breastcollars

Do You Use a Breast Collar?

By Dennis Moreland Tack

Breast Collars are generally an optional item on a saddle but for disciplines like barrel racing, roping, and cow horse where our horses make quick stops and turns with powerful acceleration and pull they can be a life saver. Steep inclines on the trail are another place a breast collar is invaluable.

 

Fit: A breast collar will prevent your saddle from rolling or slipping back. It helps you to not have to cinch up as tight also. A good breast collar should work on both small and larger horses. Often riders will buy breast collars that are too big. If there’s so much length between the breast collar D rings that you end up taking several wraps of the tug straps around the D Rings on the saddle the breast collar is too big. The extra wraps make a lump at the D ring that can be uncomfortable on your knees if you bump them.

There are so many breast collars on the market that are too big. I try to build a breast collar that will fit both a 2 yr. old and an older, larger horse. It’s better to purchase a quality breast collar that’s shorter in length between the D rings and take up or let out the tug straps to fit both small and large horses.

Safety Checks: It’s important when saddling up to be certain the breast collar is even across the chest (A). Fasten the right-hand tug to the right D ring on your saddle then hold the breast collar up to see if the center of the breast collar is in the middle of your horse’s chest. If so, attach the left tug to the saddle D ring. Adjust the tug straps evenly on each side until you have a fairly snug fit. Next snap the center strap between the legs. Be sure after you fasten it to the D ring on the cinch that it is right in the middle of the space between your horse’s front legs. If it’s off to one side it means your cinch D is not in the middle of the horse’s belly and you need to even out the length of your latigos on each side of your saddle to even up your cinch. Check after you saddle each time that you don’t have a twist in a tug strap (B). This happens to almost everyone occasionally. Finally, check your tug straps and center strap for wear before riding (C). For safety’s sake you never want to ride with worn leather on any piece of gear.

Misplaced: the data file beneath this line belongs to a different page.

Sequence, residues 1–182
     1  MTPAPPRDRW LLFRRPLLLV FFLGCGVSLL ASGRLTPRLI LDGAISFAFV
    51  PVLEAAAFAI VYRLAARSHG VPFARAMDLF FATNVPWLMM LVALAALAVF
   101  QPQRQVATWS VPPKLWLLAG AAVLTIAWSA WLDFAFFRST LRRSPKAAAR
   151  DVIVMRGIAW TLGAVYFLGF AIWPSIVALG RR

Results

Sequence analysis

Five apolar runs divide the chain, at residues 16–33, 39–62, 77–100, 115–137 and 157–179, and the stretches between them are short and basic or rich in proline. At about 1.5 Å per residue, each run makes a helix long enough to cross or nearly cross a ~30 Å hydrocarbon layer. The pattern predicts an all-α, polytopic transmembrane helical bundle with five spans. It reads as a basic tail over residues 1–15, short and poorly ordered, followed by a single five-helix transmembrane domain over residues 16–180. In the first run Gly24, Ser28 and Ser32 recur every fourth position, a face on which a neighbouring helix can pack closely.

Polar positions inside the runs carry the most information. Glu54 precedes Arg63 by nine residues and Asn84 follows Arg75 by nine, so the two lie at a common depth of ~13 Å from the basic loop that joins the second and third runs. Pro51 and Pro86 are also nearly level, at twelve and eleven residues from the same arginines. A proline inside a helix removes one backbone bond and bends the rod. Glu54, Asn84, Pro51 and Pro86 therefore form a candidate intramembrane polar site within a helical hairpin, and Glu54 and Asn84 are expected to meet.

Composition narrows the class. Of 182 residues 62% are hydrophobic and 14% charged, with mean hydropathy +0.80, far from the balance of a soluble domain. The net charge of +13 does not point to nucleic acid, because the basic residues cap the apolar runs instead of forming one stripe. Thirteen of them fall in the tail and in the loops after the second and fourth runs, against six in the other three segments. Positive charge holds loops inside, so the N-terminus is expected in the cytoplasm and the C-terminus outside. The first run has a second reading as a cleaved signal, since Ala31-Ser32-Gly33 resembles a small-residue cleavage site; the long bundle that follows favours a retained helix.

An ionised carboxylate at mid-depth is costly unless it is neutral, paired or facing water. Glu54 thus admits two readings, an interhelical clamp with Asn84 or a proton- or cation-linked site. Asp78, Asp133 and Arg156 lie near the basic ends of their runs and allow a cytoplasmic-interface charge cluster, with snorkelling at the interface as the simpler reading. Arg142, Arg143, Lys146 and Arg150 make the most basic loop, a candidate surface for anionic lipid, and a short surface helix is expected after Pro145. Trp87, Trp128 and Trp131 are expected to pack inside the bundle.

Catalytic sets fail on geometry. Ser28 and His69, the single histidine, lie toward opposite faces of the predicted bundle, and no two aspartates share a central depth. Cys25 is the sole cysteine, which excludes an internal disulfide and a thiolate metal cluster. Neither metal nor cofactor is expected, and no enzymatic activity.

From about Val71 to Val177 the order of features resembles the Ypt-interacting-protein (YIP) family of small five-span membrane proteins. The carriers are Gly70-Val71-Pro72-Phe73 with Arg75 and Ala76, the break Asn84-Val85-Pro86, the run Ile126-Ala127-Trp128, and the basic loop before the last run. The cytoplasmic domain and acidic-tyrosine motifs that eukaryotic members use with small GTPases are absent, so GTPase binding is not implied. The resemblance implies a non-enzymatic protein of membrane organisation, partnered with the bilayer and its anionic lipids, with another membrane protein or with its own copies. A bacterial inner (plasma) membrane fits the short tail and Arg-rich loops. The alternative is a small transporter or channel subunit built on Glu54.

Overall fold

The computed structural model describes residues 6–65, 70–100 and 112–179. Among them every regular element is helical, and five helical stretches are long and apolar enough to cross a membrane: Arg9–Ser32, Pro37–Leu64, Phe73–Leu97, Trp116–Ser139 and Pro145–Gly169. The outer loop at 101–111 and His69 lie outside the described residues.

Breast Collars are important pieces of equipment that help stabilize your saddle. I have a wide variety of handmade breast collars available for training, showing, ranching, roping, trail riding, and barrel racing at Dennis Moreland Tack. I also make replacement tugs and replacement center snap and buckle pieces. For more information please visit: http://hcity.co/Breastcollars or call 817-312-5305.